Tuesday, June 23, 2020

Uprising On Main Street

“It really doesn’t matter who gets into office it’s all going to come down to the response of the people.”
       ----------Black Panther Aaron Dixon

Former San Francisco Mayor Willie Brown recently wrote that “defund the police” is an ill-advised slogan that will hurt Democrats come November, as though the ongoing mass mobilizations around police brutality weren’t fueled by popular rage at the failure of voting or anything else to offer a path to change. “[If] you take away people’s feelings of personal safety,” warned Brown, “you lose voters.” Ah, feelings! A better word would be illusions. The people for whom the police are a constant predatory menace don’t have any personal safety to lose, and they are in a position to burn the country to the ground, as recent events have shown. If they strike the match, all the King’s horses and all the King’s men will not be able to put “personal safety” together again.

Could this alarming prospect be the reason for so much bizarre behavior from those who have long enjoyed the illusion of physical security? Like white protesters in Houston kneeling and praying to black residents to be forgiven their racial sins. Like white police officers in Cary, North Carolina washing the feet of black pastors. Like Nancy Pelosi and Chuck Schumer kneeling down dressed in African kente cloth scarves. Like self-flagellating white people all over the country allegedly sickened by a legacy of slavery they know little about, expressing boundless revulsion over their skin color and earnestly demonstrating their utter unfitness to be or do anything. As convincing as their apparent uselessness is, where is the intended benefit?

On the other hand, the Black Lives Matter advice that whites become “allies” of blacks sounds good but lacks clear meaning. Which black people are whites supposed to make themselves allies of? Barack Obama, who recently helped torpedo a promising social democratic revival that could have put real $20 bills in the pockets of the George Floyds of this world, sparing them the horror of fatal police stops over petty or imaginary offenses triggered by poverty? Candace Owens, who dismisses Floyd as a common criminal and drug addict entirely unworthy of our sympathy? The Congressional Black Caucus, which recently voted unanimously to award trillions of dollars in aid to plundering corporations, thus guaranteeing increased suffering for a large majority of African Americans, who had little enough to start with and now must somehow survive with capital consolidating its already massive holdings in the midst of economic collapse and galloping pandemic?

In short, not all blacks are worthy of support, and many whites are so crippled by self-accusation that they are incapable of providing any. Dilemmas like these should make it clear that solving our racial nightmare will demand more than hashtags and sound bites.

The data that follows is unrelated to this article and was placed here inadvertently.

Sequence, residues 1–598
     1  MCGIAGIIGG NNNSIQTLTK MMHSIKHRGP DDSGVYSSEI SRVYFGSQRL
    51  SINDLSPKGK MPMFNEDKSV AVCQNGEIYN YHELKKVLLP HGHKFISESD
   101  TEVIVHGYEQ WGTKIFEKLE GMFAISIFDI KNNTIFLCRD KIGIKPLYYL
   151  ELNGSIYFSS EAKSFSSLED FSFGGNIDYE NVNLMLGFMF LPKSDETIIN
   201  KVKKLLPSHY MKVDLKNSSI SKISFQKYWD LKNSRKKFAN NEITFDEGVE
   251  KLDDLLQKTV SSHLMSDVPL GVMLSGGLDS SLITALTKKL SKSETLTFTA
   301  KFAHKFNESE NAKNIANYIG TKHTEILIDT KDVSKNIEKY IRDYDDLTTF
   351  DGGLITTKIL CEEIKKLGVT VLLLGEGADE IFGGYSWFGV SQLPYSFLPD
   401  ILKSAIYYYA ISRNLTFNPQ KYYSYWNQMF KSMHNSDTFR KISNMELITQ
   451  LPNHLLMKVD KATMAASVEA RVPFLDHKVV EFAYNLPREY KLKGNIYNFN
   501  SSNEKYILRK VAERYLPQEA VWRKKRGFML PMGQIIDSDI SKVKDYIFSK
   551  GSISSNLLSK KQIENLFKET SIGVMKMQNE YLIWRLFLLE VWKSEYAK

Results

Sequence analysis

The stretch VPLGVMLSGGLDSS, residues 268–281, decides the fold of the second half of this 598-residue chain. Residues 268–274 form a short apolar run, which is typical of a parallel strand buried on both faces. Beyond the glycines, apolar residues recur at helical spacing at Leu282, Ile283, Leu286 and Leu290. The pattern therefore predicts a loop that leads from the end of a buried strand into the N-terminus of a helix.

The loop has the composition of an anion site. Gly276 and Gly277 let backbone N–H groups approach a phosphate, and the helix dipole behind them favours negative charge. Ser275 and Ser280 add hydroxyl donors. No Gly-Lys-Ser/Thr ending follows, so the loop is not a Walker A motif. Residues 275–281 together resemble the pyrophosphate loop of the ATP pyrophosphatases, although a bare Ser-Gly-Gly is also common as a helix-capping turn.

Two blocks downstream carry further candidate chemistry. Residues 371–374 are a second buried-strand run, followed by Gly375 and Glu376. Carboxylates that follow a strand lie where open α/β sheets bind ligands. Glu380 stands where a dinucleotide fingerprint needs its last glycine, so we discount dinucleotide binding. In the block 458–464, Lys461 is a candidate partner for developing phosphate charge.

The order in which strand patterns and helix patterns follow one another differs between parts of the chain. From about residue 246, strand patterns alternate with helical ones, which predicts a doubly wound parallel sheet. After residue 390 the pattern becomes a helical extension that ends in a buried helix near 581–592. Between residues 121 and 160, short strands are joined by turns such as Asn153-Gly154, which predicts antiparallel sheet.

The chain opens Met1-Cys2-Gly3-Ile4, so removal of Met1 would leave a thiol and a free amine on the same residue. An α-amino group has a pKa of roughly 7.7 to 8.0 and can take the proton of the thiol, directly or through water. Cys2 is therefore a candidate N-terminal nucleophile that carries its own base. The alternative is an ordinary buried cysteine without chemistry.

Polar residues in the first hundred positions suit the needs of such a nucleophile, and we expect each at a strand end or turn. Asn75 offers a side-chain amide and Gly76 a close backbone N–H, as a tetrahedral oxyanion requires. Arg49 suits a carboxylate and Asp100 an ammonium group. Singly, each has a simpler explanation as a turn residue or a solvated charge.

One thing that would help everyone is broad popular understanding of the problem. African-Americans are endangered by police, not because of anything they have done, but because of slavery, which was never entirely abolished. The 13th Amendment declares slavery prohibited “except as a punishment for crime whereof the party shall have been duly convicted,” which allows it to continue under the aegis of the criminal justice system. The state, as opposed to the individual capitalist, has the authority to perpetuate the slave codes, which criminalize black life and masquerade as impartial justice. As a result, our prisons are jammed with black prisoners, many of whom are dispatched to the chain gang, a form of exploitation that proved a boon to rapid industrial development in the late 19th century, and has been enjoying a revival in the era of the “war on drugs.”

Any mention of slavery tends to evoke defensive and dismissive responses from white people, most commonly that slavery is ancient history and hardly an American invention. But in fact slavery was only abolished a century-and-a-half ago, not long in historical time, and was succeeded by Jim Crow, which viciously perpetuated something very much like slavery for another century. And the informal apartheid that exists to this day achieves the same effect as legal segregation did under Jim Crow. Even lynching has not been entirely done away with, as the George Floyd killing attests. The only notable difference between Floyd’s murder and the ritual executions of thousands of African Americans during the Jim Crow era was the people on the sidewalk calling out for mercy: during segregation they would have been cheering the murderer on.

As for slavery in other lands, it carries with it no implications for Americans, and it is Americans we are talking about. In any case, why the constant attempt to evade moral responsibility for slavery? If your child stood accused of burning down the school cafeteria, would you really try to complain that she was being singled out unfairly, since arson has existed all over the world since forever? Probably not.

Discussions of slavery naturally raise the related topic of reparations, some form of which is definitely owed. After all, the industrial revolution was based on cotton, which was produced primarily by slave labor in the United States. Wealth accrued not just to the planter aristocracy of the old South, but also to textile manufacturers in the North and Great Britain, among other commercial and financial beneficiaries forming the core of modern capitalism. As for the slaves, they were not given their “forty acres and a mule” upon their (partial) liberation, which carried severely destructive consequences for the entire society down to the present day.